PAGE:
THE most principall cause why Artificers inuented the Aequinoctiall, was first, because it is the measure of the first Heauen, by a conuenient, perpetual and aequal swiftnesse. Secondly, it measureth and limitteth the time of rising of the Signes, as also the length of the Artificial daies, and times of the Aequinoctials, with declinations and right ascentions of Starres, together with Longitudes of Regions. [Page] Lastly, for the exection of the twelue howsen of Heauen. In like maner, the Zodiack serueth for Latitudes & Longitudes of Starres: for distinction of the times of the yeare: for the motions of all the Planers and effects of the same. Not vnlike be the vses of the Colures and Meridian, ech shewing the greatest declination of the Ecliptick: but especially the Meridiā, which giueth as well al declinations of Starres, their noone height, and distinguisheth the daies and nights into two; aequal parts, and serueth for the Horizon of the right Sphaere. It beginneth likewise and endeth all Longitudes of Regions, and sheweth Latitudes and Eleuations of the Pole: It helpeth to diuide the 12. howsen. In like maner sundrie and diuers be the vses of the Horizon: As in seperating the hidden part of Heauen, from that which is seene, and sheweth the place of rising and setting of any Starre: how farre from East or West, with his height. All which points are respected of Astronomers, as the Sphaere is secondarily diuided: that is to say, as he is a right, or a crooked Sphaere, which bee his properties and affections ment in the diuision [Page] afore specified. By a right Sphaere is ment such a kinde of position of Heauen: as that neither Pole bee r [...]ised aboue ground, but that ech lye in the face of the earth. And such a kinde of position haue they which dwell in Bersera, and the Islands of Molucca, or such like. Contrariwise, it is sayd to bee a crooked Sphaere, when any one of the Poles is raised aboue ground. Such a Sphaere haue we at Oxford, and London: and generally all, which dwell not vnder the line. All which thinges for our better conceate, are shewed to the eye in the materiall Globe, whose names and diuisions appeare at the first vewe: two things only being waied. First, that the mechanicall or materiall Globe which representeth the first mooueable: beareth in him the fixed Starres, (not because the Starres bee in the first mooueable) but because their motion is so litle in their own Sphaeres in many yeares, that they may seeme not to haue mooued at all in a mans his age from their places vnder which they be of y^{e} first moueable: therefore they may bee supposed to stand in it. Secondly, the Globe representeth the Starres to vs in his connexitie, [Page] which appeare in Heauen in the concauitie. For that our eye is not in the Globe but without. Furthermore in the Globe, besides the aforenamed Circles, bee found three others of brasse: the one being a perfect Circle of a litle quantitie, placed about the Pole which is eleuated: & is called the hower Circle, whose stile is called the Index. An other is a thinne rule of brasse, representing one quarter of a whole Circle, called the quadrant of Altitude, and is alwaie to be fixed (when ye vse the Globe) on the middle of the halfe of your Meridian, which is aboue the Horizon: that is to say, 90. degrees aboue the Horizon. The third and last is a great halfe Circle lying at the Horizon, seruing aswell for the erection of the scheme of Heauen, as any Circle of position. All which things being aduisedly considered of, ye may proceede in the vse of the Globe: As followeth.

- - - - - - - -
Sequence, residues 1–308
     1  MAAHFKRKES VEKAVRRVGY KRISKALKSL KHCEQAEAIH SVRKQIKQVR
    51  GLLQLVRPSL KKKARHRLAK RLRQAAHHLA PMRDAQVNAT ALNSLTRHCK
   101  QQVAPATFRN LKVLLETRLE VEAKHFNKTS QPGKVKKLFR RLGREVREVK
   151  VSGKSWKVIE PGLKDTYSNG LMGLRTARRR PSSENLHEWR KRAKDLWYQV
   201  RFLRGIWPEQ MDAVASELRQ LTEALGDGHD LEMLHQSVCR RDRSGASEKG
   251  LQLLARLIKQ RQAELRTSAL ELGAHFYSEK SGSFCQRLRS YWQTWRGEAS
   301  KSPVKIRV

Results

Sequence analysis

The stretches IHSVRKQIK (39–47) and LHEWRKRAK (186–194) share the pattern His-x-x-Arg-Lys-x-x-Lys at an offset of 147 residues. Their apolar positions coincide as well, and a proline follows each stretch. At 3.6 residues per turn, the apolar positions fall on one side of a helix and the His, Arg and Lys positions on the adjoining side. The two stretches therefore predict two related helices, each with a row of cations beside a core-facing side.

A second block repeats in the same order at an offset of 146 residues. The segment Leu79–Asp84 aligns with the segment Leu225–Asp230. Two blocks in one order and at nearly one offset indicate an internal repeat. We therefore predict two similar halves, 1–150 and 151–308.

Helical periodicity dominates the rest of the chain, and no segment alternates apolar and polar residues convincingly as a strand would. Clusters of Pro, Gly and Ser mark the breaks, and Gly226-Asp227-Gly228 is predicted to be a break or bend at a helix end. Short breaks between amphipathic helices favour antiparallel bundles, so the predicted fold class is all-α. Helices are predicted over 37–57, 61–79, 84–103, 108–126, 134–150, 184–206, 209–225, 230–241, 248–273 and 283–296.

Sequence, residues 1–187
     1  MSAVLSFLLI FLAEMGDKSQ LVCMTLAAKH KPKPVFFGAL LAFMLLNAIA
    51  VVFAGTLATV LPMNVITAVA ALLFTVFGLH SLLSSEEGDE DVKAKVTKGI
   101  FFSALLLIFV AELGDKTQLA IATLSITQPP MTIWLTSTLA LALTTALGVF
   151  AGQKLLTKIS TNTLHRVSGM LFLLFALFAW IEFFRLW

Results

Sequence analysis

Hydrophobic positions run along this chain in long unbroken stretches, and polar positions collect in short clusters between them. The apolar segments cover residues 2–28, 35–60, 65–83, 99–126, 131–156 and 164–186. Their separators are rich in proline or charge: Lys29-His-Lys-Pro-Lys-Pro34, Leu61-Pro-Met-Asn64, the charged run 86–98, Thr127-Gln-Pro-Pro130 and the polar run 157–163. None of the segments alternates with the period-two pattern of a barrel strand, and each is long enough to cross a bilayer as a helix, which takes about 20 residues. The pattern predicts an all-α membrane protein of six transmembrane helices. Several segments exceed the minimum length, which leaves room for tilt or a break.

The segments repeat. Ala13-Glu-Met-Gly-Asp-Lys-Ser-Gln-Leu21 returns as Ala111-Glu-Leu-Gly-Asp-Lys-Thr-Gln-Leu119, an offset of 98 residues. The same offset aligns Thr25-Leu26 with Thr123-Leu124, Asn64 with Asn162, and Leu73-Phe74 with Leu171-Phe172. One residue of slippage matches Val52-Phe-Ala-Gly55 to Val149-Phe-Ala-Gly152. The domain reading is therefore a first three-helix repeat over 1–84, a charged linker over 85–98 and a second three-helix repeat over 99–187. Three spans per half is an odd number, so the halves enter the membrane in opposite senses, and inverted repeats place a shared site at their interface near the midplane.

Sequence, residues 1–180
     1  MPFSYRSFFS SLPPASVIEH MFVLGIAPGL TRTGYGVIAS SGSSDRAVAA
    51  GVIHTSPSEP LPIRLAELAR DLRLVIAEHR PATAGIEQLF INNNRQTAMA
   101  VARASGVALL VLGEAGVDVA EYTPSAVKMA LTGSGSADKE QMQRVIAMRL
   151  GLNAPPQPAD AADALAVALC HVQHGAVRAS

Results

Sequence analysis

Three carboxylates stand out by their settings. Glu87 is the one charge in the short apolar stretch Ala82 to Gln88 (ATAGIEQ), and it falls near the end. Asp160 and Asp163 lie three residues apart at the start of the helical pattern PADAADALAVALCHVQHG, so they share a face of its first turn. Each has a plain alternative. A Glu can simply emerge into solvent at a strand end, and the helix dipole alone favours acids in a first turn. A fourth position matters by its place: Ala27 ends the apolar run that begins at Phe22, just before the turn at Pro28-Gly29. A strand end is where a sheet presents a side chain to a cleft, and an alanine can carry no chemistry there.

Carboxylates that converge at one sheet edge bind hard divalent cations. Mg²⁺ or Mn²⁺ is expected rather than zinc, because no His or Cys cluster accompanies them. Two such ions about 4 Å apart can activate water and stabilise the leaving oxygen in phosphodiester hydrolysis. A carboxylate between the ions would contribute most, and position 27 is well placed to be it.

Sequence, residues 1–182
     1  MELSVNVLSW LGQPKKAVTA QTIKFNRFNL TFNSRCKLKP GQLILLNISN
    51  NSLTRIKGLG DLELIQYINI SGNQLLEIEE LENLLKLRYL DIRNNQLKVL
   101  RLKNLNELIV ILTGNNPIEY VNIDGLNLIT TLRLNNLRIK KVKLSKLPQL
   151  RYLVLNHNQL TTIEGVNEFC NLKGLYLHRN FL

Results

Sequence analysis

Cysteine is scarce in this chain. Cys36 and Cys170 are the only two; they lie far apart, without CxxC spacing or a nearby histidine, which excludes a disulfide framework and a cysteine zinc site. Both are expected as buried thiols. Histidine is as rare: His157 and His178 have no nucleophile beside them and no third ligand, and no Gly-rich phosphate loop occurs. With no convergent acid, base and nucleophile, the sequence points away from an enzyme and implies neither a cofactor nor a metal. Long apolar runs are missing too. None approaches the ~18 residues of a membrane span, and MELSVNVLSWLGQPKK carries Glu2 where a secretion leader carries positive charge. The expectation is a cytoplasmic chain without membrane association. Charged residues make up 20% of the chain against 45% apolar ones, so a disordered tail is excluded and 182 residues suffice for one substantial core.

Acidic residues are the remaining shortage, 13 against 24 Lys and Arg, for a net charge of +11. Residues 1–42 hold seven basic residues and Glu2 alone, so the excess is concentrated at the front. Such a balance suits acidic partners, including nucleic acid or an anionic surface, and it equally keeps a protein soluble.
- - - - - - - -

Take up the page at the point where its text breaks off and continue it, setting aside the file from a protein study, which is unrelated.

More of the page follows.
## ▪ HOW THE Globe is to be placed, readie for his vse and practise.